In a past life I was responsible for a number of Windows Enterprise Networking technologies including the EAP implementation and was a contributor to EAP-TLS.
As a result when I saw the Heartbleed vulnerability announced I was painfully aware of what an attacker could do if they encountered a EAP-TLS implementation based on a vulnerable version of OpenSSL.
I have read a few articles this morning discussing the implications to those who use EAP-TLS and many of them get it wrong; the core issue being they don’t seem to understand the various actors in a EAP-TLS negotiation.
To understand how EAP works you need to understand the following terms:
Peer; this is the client to the wireless network. Be it your desktop, laptop or mobile phone (though EAPs use is not limited to these types of devices). Sometimes this will be called the supplicant.
Authenticator; this is your wireless router, when it comes to authenticator this entity delegates that responsibility to the authentication server (typically over RADIUS).
Authentication Server; this is the entity who is responsible for deciding if the peer can have access or not, it is also typically the EAP-Server but it can delegate this to another entity as in the case of complex wireless federation systems like.
EAP Server; this is the entity who actually implements the EAP protocol.
When a client connects to a router the router is configured to forward all requests to an Authentication Server. This results in a tunnel through the router to the authentication server.
In the most common case that authentication server implements the EAP protocol along with all of the various protocols (methods) that it supports.
In a Windows environment that server is called the Network Policy Server (NPS), CISCO’s is called Cisco Secure Access Control Server (ACS), Juniper’s is called Steel Belted Radius (SBR) and the two most common Open Source distributions are OpenRADIUS and FreeRadius both of which use OpenSSL (, ).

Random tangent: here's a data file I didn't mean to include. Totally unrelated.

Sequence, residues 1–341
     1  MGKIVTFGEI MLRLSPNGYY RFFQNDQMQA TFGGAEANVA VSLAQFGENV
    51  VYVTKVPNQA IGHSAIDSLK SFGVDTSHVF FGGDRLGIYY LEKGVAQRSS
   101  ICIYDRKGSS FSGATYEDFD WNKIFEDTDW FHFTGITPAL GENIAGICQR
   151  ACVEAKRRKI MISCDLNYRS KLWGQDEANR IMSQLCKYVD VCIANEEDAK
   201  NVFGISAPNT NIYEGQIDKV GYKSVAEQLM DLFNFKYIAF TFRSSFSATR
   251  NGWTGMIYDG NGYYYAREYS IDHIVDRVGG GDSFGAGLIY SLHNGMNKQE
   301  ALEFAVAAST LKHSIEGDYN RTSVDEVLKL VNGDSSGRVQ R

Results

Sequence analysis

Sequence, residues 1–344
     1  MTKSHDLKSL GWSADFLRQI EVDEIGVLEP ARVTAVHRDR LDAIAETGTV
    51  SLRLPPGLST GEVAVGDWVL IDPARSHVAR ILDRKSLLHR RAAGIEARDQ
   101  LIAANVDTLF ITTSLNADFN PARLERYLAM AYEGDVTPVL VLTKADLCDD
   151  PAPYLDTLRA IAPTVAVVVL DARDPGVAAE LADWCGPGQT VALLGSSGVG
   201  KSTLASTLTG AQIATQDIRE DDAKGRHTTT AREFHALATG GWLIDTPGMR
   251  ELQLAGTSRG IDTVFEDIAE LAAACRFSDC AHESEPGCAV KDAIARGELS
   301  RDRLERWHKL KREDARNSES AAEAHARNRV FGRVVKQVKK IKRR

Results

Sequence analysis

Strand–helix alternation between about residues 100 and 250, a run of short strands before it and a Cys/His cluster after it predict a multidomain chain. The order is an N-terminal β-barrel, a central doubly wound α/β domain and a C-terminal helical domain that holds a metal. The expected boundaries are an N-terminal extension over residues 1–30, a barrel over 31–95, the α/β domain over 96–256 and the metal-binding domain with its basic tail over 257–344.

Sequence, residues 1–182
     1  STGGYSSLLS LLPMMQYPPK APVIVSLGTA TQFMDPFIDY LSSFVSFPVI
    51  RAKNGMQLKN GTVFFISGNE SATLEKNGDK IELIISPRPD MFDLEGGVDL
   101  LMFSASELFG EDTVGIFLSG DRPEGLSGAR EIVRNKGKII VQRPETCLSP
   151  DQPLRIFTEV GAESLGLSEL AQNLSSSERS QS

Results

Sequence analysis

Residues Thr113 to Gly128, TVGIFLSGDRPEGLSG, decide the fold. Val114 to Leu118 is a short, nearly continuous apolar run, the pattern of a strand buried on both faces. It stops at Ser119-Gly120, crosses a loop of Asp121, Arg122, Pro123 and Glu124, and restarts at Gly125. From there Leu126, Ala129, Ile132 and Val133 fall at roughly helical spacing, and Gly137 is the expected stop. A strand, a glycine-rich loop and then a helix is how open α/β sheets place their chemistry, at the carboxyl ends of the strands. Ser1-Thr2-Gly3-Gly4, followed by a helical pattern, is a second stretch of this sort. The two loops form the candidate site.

The reason I wrote this is most of these articles talking about CUPID do so in such a way that it suggests the wireless router itself is the issue; while this is technically possible because there are routers out that also contain the authentication server and EAP Server these are not commonly used – especially with a TLS based EAP method. The main reason for this is that this quickly doesn’t scale, one of the largest reasons being that environments mature enough to take on the management overhead of a TLS based solution also probably have to provide service to a space larger than a single access point could cover.
There is another class of wireless access solution that leverages a “wireless controller” that manages multiple radios for this very reason. These solutions also often have built in RADIUS and EAP servers (and in my experience they are based on one of the above OpenSource solutions) but again this capability doesn’t appear to be used often with TLS based EAP methods since organizations often already have existing authentication infrastructure (Active Directory and NPS for example) that they leverage instead.
Long story short your probably only at risk of this if your using one of the Open Source Radius servers but since some vendors just repackage this code there are deployment models where you may be exposed its just not super likely. Here is a quick decision tree to help you understand your exposure: